“ There is another danger which has lately shown itself in acute form, -the danger which arises from the impatience of the Arabs at the presence of Europeans and their influence on the lake. For some time in that district there seems to have been an abatement of those horrors which Dr. Livingstone describes as witnessed by him and perpetrated by A rab slave-traders. In all probability this has been caused very much by the presence of English and Scotch missionaries and traders, with their steamers on the lake. The news of what happened last year at Karonga, near the north end of the lake, shows that the Arabs are only biding their time to repeat on the shores of Lake Nyassa the murderous raids which have always marked their course. ... Surely we are not going to offer the spectacle to Europe of abandoning Lake Nyassa, discovered by English enterprise, on which subjects of Britain, alone of European powers, have settled for purposes of trade or the higher purpose of religion, to the Arabs and the desolations of the slave-trade.
" It has been mentioned that the Universities' Mission has begun work on the east side of the lake. Three years ago a steamer was sent out for its use in parts and put together at Matope, on the Sbire; a mission station has been formed at Lukoma, an island about the middle of the east side of the lake and five miles from the shore. This island seemed to be healthier than the shores of the lake, and its bays afford a sheltered anchorage for the steamer. Though the island is very small, the population is probably nearly 3,000, drawn there by desire of security from the Magwangwara, the marauding tribe of the neighborhood. The plan proposed by the mission is to form a central school on this island, and a station for English missionaries, and to establish schools under native teachers in all the towns on the lake shores. . . . All this work, too, must depend very largely on there being an open way to the sea by which supplies may be regularly received.”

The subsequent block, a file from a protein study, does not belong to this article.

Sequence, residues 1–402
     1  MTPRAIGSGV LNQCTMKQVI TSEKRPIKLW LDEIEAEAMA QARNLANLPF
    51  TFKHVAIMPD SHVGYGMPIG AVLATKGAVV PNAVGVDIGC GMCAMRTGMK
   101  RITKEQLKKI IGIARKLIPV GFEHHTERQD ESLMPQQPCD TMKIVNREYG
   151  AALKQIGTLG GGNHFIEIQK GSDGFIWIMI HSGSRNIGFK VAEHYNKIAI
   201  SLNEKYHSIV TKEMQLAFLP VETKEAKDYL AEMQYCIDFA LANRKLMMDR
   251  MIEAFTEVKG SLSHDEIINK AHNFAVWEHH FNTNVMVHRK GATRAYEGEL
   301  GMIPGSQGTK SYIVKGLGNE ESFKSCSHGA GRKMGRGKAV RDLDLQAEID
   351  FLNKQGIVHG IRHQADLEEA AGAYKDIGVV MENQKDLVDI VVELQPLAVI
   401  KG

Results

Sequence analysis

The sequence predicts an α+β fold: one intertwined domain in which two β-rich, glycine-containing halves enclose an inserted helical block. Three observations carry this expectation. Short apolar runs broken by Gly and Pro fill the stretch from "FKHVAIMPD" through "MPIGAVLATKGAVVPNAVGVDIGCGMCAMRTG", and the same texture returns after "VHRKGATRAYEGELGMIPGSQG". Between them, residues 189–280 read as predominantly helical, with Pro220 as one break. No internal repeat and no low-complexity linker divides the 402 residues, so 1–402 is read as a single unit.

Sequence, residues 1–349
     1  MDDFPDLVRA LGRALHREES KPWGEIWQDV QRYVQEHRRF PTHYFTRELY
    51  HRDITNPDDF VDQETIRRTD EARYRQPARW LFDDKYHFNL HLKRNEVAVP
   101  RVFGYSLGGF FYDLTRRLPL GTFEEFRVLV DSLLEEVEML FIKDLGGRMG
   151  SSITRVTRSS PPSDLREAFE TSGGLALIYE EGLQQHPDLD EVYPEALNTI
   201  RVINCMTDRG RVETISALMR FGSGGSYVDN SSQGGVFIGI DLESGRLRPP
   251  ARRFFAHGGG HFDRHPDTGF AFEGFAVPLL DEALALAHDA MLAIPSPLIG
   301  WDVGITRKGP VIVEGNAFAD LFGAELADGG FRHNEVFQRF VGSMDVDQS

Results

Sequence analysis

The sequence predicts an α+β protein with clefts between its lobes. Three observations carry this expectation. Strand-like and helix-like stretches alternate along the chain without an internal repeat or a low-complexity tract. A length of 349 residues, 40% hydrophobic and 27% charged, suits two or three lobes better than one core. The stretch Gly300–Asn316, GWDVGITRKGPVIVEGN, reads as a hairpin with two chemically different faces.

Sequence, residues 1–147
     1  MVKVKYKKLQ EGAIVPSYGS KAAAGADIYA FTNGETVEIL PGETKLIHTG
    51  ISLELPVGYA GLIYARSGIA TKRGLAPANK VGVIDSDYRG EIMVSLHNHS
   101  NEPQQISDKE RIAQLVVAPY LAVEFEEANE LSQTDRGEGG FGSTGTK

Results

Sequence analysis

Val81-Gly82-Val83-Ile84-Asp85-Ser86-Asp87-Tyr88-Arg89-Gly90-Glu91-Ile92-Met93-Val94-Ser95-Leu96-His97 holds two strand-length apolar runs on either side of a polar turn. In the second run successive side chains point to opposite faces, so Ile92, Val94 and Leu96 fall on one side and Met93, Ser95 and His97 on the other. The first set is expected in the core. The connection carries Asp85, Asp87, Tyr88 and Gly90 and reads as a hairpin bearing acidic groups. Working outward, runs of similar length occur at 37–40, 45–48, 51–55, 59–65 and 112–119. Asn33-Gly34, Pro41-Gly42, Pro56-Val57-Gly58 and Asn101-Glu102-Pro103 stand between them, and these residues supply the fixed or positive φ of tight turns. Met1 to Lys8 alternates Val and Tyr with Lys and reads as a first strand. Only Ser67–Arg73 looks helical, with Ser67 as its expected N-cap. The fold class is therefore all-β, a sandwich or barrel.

The last statement in the May "Record” gives five “very cogent reasons why we should object to the Portuguese settling down beside our Mission : (1) We think that they have no right to be there. They have done nothing for the country; indeed, worse than nothing, for they have hindered our efforts by greatly raising the tariff at Quilimane. Now that we have made the country valuable, they want to take the fruits of British labor, British capital, and the sacrifice of British lives. (2) So much are the Portuguese disliked by the natives, that their coming would be the signal for hostilities, in which the missions might be destroyed. (3) The Mozambique having been long a convict settlement, the Portuguese community is tainted. They would also bring with them a rabble of degraded natives from the coast. The effect on our young people would be disastrous. Slaving would be connived at. The missionaries have no confidence that orders from Lisbon would be carried out by the local executive. (4) The rum traffic, which our Christian traders have hitherto been able to exclude, could no longer be kept out. (5) Jesuits would counterwork the efforts of our missionaries, and would be favored by the Portuguese. No guarantee from Lisbon would prevent endeavors to drive out our missions.”
When the Portuguese hold quiet, we can afford to leave them alone. But when they begin to bestir themselves to the annoyance of better races, we are reminded of Byron's lines :
“Well doth the Spanish hind the difference know
Charles C. Starbuck. ANDOVER.